Jan. 1, 2007 -- Year after year, vehicles slip and slide out of control as winter conditions wreak havoc, often rendering even the most experienced drivers helpless -- but some of the rules drivers have been taught for years have changed.
NASCAR champion Tony Stewart tested his winter driving skills in upstate New York at a charity event for his crew chief, Greg Zipadelli. He practiced several tips that experts say can help drivers stay safe when they find themselves behind the wheel in bad weather.
Pump vs. Squeeze
The old way taught drivers to pump the brakes to improve stopping distances or to help regain control on slippery surfaces.
Instead, they should squeeze the brake and maintain control, holding pressure on the brake instead of pumping.
The rule has changed partly because 60 percent of all new cars sold in the United States have anti-lock brakes, rendering pumping the brakes obsolete.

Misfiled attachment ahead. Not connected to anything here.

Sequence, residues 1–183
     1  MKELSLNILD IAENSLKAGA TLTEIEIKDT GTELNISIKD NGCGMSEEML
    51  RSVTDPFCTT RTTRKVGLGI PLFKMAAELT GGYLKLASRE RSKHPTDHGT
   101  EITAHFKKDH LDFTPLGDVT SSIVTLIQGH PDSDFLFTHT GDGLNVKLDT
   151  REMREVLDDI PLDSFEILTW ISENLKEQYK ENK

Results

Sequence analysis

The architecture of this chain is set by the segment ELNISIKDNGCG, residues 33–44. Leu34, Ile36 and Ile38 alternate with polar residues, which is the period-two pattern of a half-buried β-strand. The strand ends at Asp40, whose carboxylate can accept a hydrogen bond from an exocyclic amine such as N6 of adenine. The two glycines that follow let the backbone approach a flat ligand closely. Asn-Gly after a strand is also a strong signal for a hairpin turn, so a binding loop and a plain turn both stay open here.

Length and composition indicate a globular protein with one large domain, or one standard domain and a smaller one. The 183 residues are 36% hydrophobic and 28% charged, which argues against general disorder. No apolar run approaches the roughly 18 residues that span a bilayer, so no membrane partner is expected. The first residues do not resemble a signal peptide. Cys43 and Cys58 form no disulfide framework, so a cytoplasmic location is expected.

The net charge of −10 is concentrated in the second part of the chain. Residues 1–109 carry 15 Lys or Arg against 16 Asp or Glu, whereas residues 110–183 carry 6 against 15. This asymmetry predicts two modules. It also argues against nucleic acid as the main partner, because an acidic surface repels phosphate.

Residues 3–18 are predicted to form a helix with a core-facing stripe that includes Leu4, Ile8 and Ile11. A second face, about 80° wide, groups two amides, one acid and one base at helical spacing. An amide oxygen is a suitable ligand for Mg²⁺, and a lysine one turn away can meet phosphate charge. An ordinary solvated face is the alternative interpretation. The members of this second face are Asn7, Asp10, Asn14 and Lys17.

Watch for 'Black Ice'
The old rule taught drivers that they can't detect black ice until it's too late. The new school way says to watch the windshield.
Behind another car, if the street is wet, there should be sprays of water on the windshield. No liquid on the windshield can indicate that there is black ice on the road.
Steer in the Direction of the Skid
The old school tip taught drivers to steer into the direction of a skid. That line of thinking hasn't really changed. It's still the best approach.
Proper treads on tires is critical. In winter driving conditions, cars always need to have proper tread.
Remember, when the roads are bad, even race car drivers slow down and take their time.